The crisis of moral values that is inherent in the transitional societies of the Balkans is once again at the epicenter of their cinematic representations. Drawing on the aesthetics of realism and using cinema as a means of exploring their social reality, Balkan filmmakers examine the corrosion of social values, study the human condition and highlight the dynamics of human relations. The collapse of the nuclear family constitutes the clearest indication of a moral crisis and runs as an undercurrent through many of this year’s narratives. In Shelter, scripted by the Romanian Razvan Radulescu, Bulgarian film director Dragomir Solev conveys the difficulty of two parents in communicating with their 12-year-old son, the inability to achieve a mutual understanding and their inescapable conflict regarding the boy’s choice of friends. In Florin Şerban’s If I Want to Whistle, I Whistle, the mother’s return from abroad to take her younger son away to live with her, leads her incarcerated older son – the hero of the film – to desperation and an ill-fated escape from jail. The heroine of Periferic (International Competition), a film by another Romanian, Bogdan George Apetri, is also a prisoner. In the one-day furlough she is given to attend her mother’s funeral, she will settle the score with her past and her family, and then flee abroad. In Zefir (International Competition), Turkey’s Belma Baş merges dreams and reality in order to illustrate the troubled inner world of a girl, through her relationship with nature and her absent mother – who finally abandons her. Serb filmmaker Oleg Novković’s White, White World explores human passions in a modern-day incestuous tragedy. The film is structured like an opera and ends like an ancient Greek play. The characters/chorus sing about their lives, their songs functioning as dialogue and moving the story along. In Mother of Asphalt, Croatia’s Dalibor Manatić follows the heroine, who takes her child and leaves her husband, in a story about contemporary human alienation and the individual’s need for love and familial warmth. Conversely, in the Turkish film Majority, the foundations of the family are firm, but they provide fuel for nationalism, militarism and oppression. Here, Seren Yüce uses the family in his, narratively simple and lucid, cultural criticism of contemporary middle-class Turkish society. An exception to the narratives referred to above is Music in the Blood, a short film by Romania’s Alexandru Mavrodineanu, in which the failed attempt of two parents to free their son of poverty is counterbalanced by the love and tenderness they show him. Human existence as seen through human relations is a second thematic axis in this year’s program. In Envy, an atmospheric drama set in 1930s provincial Turkey, Zeki Demirkubuz focuses on emotional tension and human nature through the relationship of an ugly sister and her brother and his beautiful wife. The audiovisually exquisite Kosmos, by another Turk, Reha Erdem, is an existential commentary on humanity and a reference to Bob Dylan’s song Wicked Messenger. From Romania, director Cristi Puiu also plays the lead in Aurora. Against the backdrop of his country’s modern-day social reality, Puiu’s “clinical” eye examines how an ordinary person can be driven to murder. In Morgen (International Competition), Marian Crisan portrays, with cinematic severity, the relationship between two men who are unable to communicate and the changes that the Kurdish illegal immigrant brings to the hero’s humdrum, provincial life. In Tilva Rosh, yet another Serbian film set in the town of Bor, Nikola Ležaić chronicles, with exhilarating freshness, the ups and downs of a group of teenage friends. Historical memory is at the forefront for two directors this year. In Cirkus Columbia, Bosnian filmmaker Danis Tanović returns to Balkan themes, remembering life before the break up of Yugoslavia. Oxygen, a poetical short film with no dialogue by Adina Pintilie, is a fiction-documentary hybrid that centers on the stifling atmosphere of propaganda and oppression which led many Romanians to risk their lives in order to escape the Ceausescu regime. In the rest of the program’s short films, Bulgarian Maya Vitkova’s Stanka Goes Home tells of the loneliness and humiliation of an elderly lady confronted with a broken elevator. Two more Romanian directors, Paul Negoesku with his film Derby and Adrian Sitaru with The Cage, complete this year’s program. Negoesku’s humorous tale revolves around a misunderstanding and an argument between a father and his daughter’s boyfriend, while Sitaru turns his camera on the relationship between city dwellers and their pets.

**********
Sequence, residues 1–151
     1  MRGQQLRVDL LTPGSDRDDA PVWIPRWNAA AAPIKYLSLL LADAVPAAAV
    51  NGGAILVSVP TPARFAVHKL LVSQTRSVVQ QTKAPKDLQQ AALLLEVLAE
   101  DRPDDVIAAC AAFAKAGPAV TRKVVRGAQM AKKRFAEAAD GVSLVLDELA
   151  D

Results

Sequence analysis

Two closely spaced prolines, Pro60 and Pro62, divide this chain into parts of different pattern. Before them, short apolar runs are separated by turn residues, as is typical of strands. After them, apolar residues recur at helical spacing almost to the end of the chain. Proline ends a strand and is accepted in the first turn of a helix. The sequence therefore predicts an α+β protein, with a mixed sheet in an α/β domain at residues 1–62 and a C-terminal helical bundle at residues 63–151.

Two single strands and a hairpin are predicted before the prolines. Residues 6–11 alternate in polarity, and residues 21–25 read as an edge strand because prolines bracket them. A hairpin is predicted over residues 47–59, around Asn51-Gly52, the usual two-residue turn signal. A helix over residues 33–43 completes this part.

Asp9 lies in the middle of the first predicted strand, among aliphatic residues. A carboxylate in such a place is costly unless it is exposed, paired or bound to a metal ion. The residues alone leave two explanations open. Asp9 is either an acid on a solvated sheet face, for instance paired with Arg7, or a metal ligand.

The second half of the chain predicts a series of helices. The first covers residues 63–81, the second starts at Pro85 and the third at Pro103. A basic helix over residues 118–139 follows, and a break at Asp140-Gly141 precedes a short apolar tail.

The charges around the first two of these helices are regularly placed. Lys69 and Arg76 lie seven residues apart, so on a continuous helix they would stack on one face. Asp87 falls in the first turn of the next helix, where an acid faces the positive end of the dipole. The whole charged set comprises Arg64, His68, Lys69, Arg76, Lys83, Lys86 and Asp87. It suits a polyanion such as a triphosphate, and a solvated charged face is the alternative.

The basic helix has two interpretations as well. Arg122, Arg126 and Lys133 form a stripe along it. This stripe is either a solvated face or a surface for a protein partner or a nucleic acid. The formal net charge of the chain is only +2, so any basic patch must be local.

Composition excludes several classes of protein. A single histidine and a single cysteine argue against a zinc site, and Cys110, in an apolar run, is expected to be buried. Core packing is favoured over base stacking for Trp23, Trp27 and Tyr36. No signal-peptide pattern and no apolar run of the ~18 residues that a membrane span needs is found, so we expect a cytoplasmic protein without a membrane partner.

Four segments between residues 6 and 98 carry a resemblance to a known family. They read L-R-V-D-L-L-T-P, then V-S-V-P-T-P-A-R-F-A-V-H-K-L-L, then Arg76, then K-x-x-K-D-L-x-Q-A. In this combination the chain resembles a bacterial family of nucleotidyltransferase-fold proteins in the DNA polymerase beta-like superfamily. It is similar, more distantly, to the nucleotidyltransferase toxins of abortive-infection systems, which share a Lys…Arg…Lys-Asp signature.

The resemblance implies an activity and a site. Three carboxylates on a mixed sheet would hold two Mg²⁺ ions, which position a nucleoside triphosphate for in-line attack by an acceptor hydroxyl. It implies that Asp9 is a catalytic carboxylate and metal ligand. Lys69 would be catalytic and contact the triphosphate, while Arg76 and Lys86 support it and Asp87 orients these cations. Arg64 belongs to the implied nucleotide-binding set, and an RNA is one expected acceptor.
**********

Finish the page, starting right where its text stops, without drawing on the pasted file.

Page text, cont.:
“Balkan Survey” Programmer